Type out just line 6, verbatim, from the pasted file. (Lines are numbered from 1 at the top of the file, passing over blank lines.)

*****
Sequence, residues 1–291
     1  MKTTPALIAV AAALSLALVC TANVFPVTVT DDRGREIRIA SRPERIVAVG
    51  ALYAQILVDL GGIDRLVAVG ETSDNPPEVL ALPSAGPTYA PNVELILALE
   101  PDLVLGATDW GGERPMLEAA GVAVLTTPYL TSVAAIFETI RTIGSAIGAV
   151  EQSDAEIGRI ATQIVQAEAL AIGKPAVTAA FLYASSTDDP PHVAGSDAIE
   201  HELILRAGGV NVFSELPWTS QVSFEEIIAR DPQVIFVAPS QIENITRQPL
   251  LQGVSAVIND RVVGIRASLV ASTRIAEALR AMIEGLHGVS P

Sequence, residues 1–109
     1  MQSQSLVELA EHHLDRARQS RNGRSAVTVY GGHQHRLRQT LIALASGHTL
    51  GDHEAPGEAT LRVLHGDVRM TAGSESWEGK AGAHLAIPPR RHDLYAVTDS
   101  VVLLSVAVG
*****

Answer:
   201  HELILRAGGV NVFSELPWTS QVSFEEIIAR DPQVIFVAPS QIENITRQPL